Properly packing a carry-on suitcase is equally about what you pack as it is what you don't. Learn from my mistakes, and leave these not-so-essential items behind.
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A packed suitcase from above on the bed on a holiday or a business trip containing a water bottle, an unlocked smartphone, a cosmetic bag, sunglasses, plane tickets, clothes and keys
Credit: Getty Images

The stakes are high when it comes to packing, especially if you choose just to bring a carry-on.

The standard carry-on size is a mere 22 inches tall, 14 inches wide, and nine inches deep — and that's including the wheels and handle. That means space is at a premium. Everything you pack must serve a purpose — and if it doesn't, it must remain at home. That rule of thumb may seem harsh, but it's a practice that will save travelers from the dread of overpacking.

As a professional packer and founder of travel style site Just Packed, I've come to realize my own overpacking has one main cause: uncertainty. This stems from trying to prepare for too many situations at once, including different weather conditions, dress codes, or what I may or may not be doing at my final destination. (What if I need hiking clothes and my regular working out clothes? I can fit two dresses in my suitcase, but what if they aren't quite elegant enough for dinner?) The process gets exponentially more complicated as the length of a trip increases.

Before I finally perfected the art of the expertly packed carry-on suitcase, I failed. And I failed a lot. In my years of not-so-successful packing attempts, I found myself paying overweight luggage fees, miserably hauling around heavy backpacks, and praying the flight attendants ignored my overstuffed personal item that didn't fit under the seat in front of me. But they say experience is the best teacher, and along with now having a good grasp on what to bring with me for any trip, I also have first-hand experience on what not to pack.

To help you properly pack your carry-on suitcase, I'm sharing everything I've regretted packing in mine. Read on to learn from my mistakes and how to save your valuable suitcase real estate for the items you'll actually need on your trip instead.

Heels I can't walk in

A 20-year-old version of myself thought 6-inch heels were essential for a weekend in New York City. What I didn't realize was how much walking I'd be doing — and how much the heels would weigh down my bag. Not only did they not last through the night, but I could've used that suitcase space for something more practical. These days, if I need to bring a pair of heels, I grab a pair of block heels — ideal for summertime or warmer climates — and slingbacks for a more seasonally appropriate fall or winter style.

A heavy raincoat

I recently spent four months traveling in England, and I didn't use my raincoat once. Umbrella, yes, several times, but the raincoat stayed in my suitcase. My stylish trench coat got plenty of wear, and the weighty raincoat just took up precious room. On my next trip across the pond, I'll bring a packable rain poncho instead.

A bulky neck pillow

Repeat after me: There are better, more travel-friendly options than a standard neck pillow. That hour of sleep you'll get using your pillow is not worth the annoyance of bringing the bulky travel accessory along for the journey. I now leave behind my old travel pillow, preferring the AirComfy Ease pillow for overnight flights. On any non-red-eye flight, I sacrifice sleep and comfort in favor of having extra room in my carry-on or personal item.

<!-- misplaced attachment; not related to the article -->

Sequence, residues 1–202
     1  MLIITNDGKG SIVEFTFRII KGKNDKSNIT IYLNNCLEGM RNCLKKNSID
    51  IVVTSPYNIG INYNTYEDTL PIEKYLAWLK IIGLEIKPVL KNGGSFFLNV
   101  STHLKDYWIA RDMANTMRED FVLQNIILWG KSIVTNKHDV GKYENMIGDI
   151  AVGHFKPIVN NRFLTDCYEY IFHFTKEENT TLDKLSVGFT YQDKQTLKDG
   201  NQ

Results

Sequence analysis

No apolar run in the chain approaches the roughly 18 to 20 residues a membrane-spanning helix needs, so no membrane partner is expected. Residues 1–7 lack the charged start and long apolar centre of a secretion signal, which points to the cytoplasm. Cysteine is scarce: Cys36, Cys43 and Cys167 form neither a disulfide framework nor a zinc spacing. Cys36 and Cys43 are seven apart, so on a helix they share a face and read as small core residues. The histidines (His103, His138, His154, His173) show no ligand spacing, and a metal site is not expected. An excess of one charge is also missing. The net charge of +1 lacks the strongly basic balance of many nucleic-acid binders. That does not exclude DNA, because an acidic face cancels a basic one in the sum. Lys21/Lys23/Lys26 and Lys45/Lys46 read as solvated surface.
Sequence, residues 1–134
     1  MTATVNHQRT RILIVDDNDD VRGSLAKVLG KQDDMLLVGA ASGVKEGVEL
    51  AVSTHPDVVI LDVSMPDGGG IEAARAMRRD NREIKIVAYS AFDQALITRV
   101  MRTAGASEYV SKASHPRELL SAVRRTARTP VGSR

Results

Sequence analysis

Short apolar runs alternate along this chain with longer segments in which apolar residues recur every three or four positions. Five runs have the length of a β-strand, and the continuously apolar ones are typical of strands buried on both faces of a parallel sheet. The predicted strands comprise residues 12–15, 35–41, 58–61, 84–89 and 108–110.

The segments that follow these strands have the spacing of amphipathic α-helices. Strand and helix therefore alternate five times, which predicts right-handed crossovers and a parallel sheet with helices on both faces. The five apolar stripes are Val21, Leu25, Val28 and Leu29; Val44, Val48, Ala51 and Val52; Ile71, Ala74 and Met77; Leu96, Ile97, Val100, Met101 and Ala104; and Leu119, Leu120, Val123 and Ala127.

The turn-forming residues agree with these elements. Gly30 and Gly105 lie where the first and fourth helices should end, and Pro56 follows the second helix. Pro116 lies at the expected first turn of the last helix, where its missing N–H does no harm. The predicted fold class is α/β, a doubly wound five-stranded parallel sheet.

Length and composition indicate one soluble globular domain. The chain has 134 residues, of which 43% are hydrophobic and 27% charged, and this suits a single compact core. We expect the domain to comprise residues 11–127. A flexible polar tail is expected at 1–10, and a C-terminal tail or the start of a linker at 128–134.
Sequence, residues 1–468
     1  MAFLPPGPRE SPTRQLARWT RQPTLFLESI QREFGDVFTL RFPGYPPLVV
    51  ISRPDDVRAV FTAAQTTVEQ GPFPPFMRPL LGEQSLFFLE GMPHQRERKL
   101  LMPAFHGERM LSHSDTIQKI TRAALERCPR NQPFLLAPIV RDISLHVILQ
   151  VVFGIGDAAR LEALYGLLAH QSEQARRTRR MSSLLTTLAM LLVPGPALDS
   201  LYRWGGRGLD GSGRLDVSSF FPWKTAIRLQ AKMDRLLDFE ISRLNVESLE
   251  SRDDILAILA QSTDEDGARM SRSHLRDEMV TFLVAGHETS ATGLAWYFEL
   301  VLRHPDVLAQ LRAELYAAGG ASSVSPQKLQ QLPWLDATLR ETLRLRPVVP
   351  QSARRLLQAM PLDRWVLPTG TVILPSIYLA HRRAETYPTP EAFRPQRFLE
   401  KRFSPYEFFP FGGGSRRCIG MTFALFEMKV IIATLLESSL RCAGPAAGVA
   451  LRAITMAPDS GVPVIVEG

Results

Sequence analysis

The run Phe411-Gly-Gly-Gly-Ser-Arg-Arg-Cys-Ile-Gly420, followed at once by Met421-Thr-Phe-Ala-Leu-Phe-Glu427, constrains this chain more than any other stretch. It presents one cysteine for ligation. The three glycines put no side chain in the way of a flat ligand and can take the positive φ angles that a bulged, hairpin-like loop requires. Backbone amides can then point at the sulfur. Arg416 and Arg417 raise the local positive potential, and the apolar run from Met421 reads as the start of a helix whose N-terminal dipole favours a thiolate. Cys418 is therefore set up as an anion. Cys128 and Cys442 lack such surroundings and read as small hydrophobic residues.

The wrong adapter

Doing your research before a trip includes understanding your destination's plug and outlet types. This will save you from arriving in France, like I once did, with an adapter that only worked for sockets in the United Kingdom and Ireland. Now I always bring a universal travel adapter — just in case I get an urge to buy a last-minute ticket to another country.

Dry clean only clothing

If you're planning to re-wear the clothing you bring in your suitcase, then check the tags first. If your clothes get soiled on your trip, you'll want the option of washing them. While your Airbnb may have a laundry room, finding a dry cleaner (and waiting a few days for your clothes to be ready) isn't always in the cards. You don't want to end up with a sweater or dress that not only takes up space in your suitcase but if it gets stained, it can't be worn again. Look for travel clothing that specifically says it can be washed in a washing machine; cotton, spandex, and nylon are usually safe bets.

Excessive skincare products

I have a vested interest in my skincare routine. When I'm at home, I never stray the course when it comes to the order and application of products: toner, Vitamin C, and SPF in the morning; cleanser, retinol, and moisturizer at night. However, bringing the entire skincare routine along in my toiletry bag is a nuisance, especially as most of the products don't fall into the 3.4-ounce and under TSA rule. I can also attest to the pain you experience when the TSA agent disposes of your expensive serums and sunscreen because they're just slightly larger than the liquid allowance.

Now, when I fly without a checked bag, I bring a travel-sized version of an all-in-one product. Augustinus Bader's The Cream comes in a 0.5-ounce bottle, and while on the pricier side, it does the work of a handful of products, including my Vitamin C and anti-aging serums and moisturizer. Fewer skincare products in my carry-on, more room for everything else.

Lydia Mansel is a travel writer and founder of Just Packed, a stylish traveler's resource for packing lists and product recommendations. Most of her frequent flier miles come from trips to the United Kingdom, but she'll fly anywhere in search of a hotel with soft sheets, fluffy robes, and top-tier room service.